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Will Zika Virus Cause an Epidemic of Workers Compensation Cases?

Posted On October 14, 2016

Workers in the U.S. are at risk of contracting Zika virus, according to the Centers for Disease Control and Prevention (CDC). On November 16, 2016, the CDC reported that there were 4,255 known cases of Zika virus in the United States. About 4,115 of those cases were travel-associated, 139 were mosquito-borne, and one was acquired in a laboratory. About 82 of those cases were in Illinois. As Zika virus continues to spread throughout the United States, the number of workers compensation cases for consequences caused by infectious disease is expected to rise.

Zika Transmission

Although Zika virus cannot be communicated through casual contact, there are a number of ways it can be contracted.

  • Mosquitoes: The most common way that individuals get Zika virus is by getting bitten by an infected Aedes species mosquito. These mosquitoes become infected with the virus when they bite an individual who has Zika. While they are assertive daytime biters, they also bite in the evening and at night. Standing water in things like bird baths, pet bowls and flower pots are prime areas for these mosquitoes to lay their eggs.
  • Sexual Contact: Zika is also present in semen. Men can transmit the disease to their partners through sexual contact.
  • Pregnancy: An infected woman who is pregnant can pass the virus to her unborn child.
  • Blood: While there have been no reported cases of Zika being transferred through blood transfusion in the United States, multiple cases of both recipients and donors with the disease have been reported in Brazil and other countries.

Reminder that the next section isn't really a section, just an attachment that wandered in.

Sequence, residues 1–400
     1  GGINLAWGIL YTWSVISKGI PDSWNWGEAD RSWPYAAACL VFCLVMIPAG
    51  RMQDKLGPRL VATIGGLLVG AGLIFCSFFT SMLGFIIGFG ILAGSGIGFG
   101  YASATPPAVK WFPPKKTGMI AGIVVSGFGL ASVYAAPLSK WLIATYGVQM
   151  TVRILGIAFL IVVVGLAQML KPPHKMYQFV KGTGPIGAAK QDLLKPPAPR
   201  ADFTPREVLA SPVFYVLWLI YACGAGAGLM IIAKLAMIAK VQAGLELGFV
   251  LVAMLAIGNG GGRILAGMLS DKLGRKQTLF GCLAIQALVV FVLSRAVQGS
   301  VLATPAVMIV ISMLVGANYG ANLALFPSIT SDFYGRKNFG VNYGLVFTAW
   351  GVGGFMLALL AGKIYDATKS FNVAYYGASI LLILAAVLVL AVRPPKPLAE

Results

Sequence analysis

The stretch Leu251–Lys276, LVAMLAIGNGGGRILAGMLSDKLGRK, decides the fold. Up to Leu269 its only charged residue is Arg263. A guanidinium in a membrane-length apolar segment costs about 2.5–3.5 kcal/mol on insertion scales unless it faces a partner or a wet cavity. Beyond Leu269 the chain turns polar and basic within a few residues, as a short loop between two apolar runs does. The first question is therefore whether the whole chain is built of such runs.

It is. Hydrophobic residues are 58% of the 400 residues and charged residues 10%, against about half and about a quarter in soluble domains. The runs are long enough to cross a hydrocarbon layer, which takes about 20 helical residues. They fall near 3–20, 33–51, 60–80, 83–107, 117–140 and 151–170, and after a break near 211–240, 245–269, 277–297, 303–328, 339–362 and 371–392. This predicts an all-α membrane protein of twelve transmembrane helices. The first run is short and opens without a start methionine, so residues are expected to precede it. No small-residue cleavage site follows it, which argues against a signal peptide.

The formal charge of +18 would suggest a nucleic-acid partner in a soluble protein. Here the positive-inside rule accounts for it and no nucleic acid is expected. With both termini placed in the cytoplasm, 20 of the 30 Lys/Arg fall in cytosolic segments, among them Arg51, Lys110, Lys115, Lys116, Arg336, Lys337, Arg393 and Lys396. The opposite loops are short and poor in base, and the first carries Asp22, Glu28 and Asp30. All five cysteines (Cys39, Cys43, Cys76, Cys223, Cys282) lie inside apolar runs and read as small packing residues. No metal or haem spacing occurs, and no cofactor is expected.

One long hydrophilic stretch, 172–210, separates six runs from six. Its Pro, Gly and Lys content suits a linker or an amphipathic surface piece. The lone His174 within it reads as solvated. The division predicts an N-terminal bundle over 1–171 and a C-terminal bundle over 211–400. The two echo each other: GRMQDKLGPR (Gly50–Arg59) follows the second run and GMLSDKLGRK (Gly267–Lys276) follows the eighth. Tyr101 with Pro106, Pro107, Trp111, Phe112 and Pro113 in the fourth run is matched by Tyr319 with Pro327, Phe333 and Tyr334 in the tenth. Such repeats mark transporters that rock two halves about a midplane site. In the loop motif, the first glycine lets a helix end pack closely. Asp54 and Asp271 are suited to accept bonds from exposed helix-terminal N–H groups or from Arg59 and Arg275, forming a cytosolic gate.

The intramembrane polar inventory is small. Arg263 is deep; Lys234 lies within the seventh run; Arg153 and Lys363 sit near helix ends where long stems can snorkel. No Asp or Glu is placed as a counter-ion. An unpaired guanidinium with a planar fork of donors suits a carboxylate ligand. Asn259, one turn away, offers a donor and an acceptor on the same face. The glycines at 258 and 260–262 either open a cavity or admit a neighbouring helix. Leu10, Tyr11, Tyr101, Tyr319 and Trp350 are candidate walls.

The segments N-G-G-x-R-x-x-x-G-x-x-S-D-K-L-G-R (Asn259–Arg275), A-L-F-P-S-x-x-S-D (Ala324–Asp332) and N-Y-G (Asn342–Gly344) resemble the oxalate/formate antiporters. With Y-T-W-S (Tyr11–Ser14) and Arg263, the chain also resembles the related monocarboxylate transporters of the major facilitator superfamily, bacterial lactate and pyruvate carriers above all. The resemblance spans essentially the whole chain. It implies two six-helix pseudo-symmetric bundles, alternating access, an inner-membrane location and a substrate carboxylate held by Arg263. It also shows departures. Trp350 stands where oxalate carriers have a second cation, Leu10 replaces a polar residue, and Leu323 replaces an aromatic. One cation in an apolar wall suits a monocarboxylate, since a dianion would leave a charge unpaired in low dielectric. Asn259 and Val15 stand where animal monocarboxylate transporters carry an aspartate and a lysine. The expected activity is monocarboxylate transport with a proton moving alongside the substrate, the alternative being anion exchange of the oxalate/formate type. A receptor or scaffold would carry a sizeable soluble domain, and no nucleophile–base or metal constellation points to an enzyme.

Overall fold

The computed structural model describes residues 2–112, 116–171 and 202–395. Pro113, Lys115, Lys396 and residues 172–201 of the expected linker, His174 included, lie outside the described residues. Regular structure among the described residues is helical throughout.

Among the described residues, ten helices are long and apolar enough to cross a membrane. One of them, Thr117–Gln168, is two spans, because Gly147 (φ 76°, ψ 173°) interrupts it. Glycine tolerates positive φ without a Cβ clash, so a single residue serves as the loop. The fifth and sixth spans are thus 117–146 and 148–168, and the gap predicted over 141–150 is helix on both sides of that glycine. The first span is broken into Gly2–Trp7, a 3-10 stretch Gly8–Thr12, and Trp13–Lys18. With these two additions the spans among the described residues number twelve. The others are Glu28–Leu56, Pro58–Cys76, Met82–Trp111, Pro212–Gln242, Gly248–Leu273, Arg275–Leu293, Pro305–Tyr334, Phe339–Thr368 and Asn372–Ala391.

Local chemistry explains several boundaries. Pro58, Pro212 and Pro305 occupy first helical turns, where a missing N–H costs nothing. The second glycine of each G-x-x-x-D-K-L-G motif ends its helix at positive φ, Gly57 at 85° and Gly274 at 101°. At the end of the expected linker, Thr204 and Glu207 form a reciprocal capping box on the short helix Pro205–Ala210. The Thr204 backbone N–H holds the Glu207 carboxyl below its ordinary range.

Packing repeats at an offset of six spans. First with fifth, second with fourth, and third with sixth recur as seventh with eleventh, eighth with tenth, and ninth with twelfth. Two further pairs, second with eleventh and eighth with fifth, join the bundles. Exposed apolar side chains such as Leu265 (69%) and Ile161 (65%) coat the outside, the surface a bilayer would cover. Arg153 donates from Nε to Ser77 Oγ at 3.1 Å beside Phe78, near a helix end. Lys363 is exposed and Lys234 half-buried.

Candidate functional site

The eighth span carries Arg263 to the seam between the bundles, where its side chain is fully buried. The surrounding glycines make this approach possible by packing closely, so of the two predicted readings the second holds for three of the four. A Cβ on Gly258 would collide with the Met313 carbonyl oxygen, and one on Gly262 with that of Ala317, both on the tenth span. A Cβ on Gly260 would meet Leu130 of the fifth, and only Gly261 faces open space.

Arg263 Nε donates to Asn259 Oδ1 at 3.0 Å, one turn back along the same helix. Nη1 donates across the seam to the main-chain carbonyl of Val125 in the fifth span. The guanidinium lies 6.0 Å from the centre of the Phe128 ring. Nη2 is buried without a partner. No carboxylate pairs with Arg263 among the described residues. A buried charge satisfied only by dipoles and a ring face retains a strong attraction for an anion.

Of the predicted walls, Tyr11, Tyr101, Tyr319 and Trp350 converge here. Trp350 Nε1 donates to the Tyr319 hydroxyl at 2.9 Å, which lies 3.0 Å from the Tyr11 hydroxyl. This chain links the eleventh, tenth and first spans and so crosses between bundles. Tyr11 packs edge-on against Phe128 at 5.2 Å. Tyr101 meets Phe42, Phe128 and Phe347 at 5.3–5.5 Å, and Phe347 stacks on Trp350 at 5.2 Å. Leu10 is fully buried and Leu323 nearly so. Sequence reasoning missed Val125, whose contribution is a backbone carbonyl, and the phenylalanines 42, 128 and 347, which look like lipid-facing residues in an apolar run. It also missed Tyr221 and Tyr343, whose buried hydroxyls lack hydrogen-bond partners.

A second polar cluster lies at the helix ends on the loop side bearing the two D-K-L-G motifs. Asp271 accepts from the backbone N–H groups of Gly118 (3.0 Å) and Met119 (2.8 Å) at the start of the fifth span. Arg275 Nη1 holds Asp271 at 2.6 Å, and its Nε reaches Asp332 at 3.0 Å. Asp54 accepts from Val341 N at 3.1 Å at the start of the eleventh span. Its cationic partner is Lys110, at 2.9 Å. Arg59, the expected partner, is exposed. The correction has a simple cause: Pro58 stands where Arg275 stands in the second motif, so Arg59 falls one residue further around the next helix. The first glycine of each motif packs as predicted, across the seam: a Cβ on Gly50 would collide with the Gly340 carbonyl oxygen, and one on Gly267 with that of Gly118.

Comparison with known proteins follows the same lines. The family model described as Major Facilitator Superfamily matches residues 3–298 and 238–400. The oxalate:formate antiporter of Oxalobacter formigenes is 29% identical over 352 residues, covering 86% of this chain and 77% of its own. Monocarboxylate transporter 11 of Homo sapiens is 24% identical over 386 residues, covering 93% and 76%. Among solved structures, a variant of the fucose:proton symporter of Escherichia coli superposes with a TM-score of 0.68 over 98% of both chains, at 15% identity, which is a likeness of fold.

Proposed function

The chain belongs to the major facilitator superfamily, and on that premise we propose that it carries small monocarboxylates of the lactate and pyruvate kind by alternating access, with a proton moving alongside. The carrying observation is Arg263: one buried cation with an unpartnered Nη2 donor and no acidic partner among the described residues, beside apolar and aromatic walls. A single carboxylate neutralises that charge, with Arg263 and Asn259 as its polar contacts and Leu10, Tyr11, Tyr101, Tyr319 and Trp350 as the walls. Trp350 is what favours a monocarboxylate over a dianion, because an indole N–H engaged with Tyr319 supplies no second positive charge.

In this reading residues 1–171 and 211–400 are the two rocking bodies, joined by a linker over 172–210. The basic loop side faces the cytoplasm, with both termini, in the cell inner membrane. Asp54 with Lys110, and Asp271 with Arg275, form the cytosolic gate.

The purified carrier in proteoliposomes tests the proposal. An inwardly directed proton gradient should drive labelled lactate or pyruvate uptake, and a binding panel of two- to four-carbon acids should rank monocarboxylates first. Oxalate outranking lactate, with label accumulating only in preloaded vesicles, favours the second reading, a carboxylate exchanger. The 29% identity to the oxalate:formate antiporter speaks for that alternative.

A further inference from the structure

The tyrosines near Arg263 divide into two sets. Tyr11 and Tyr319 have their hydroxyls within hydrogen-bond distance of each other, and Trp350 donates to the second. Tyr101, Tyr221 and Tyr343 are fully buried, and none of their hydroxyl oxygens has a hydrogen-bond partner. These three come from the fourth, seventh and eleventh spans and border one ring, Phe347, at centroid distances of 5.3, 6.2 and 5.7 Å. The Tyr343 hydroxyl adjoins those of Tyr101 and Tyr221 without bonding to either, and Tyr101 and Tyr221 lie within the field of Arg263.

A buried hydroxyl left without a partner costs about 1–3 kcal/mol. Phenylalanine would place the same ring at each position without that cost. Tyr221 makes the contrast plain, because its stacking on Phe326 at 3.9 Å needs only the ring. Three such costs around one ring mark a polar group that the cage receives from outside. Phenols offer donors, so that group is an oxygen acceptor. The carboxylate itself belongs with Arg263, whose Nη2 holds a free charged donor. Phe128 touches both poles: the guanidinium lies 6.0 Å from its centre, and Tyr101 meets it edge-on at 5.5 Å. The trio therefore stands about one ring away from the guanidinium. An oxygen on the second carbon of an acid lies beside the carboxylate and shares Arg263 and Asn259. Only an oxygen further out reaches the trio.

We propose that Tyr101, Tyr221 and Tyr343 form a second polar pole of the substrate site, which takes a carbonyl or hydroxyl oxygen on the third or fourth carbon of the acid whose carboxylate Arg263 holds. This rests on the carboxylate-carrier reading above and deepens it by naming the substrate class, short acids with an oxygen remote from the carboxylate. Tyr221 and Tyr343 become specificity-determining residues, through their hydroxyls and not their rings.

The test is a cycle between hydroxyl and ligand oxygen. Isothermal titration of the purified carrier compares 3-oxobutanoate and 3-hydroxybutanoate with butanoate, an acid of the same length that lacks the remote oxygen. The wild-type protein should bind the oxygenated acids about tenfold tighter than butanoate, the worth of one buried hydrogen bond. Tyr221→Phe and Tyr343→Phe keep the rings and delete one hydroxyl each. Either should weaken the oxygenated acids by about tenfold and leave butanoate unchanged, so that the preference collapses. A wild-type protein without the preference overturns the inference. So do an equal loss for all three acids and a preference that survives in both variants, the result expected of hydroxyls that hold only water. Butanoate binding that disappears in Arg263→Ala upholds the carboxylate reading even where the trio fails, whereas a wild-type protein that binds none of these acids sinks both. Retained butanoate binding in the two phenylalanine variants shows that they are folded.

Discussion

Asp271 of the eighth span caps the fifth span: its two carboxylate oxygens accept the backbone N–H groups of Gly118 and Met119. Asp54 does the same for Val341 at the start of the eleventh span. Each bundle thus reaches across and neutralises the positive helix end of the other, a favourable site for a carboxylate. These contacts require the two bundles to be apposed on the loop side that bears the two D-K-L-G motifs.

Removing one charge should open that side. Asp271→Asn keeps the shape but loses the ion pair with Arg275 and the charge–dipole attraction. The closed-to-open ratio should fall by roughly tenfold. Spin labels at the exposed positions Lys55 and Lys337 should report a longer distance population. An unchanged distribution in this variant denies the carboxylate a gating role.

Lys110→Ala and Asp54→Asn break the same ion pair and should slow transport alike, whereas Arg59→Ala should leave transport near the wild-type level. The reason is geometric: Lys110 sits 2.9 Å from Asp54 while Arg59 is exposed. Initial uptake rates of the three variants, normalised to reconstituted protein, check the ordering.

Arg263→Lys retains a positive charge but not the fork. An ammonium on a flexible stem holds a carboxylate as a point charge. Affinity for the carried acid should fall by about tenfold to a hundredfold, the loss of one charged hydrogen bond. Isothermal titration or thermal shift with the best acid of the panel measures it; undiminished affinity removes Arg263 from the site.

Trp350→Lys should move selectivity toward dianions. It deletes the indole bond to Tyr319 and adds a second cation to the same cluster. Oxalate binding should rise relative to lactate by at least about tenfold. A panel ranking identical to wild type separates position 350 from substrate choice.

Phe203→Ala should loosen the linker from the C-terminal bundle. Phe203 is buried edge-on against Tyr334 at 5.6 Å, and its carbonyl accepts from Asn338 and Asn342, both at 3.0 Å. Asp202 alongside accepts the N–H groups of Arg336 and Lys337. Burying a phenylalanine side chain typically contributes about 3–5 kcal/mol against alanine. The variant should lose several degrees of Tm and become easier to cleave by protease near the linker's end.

What Employees Should Know About Zika

When a worker contracts Zika through the scope of his or her employment, the employer’s liability coverage could be triggered. Additionally, when a worker becomes infected on the job (on on an assignment in a country where there is risk of Zika exposure), and then transmits the disease to his or her family member or unborn child, the infection would typically fall under the employers workers compensation policy as well.

Although anyone can become infected with Zika at work, some employees are at a higher risk than others. Health care workers, employees who work outdoors, lab workers, and employees who travel may be at a greater risk for exposure.

Recently, the National Institute for Occupational Safety and Health (NIOSH) published Zika fact sheets for high risk workers as well as employers to help educate them about disease prevention.

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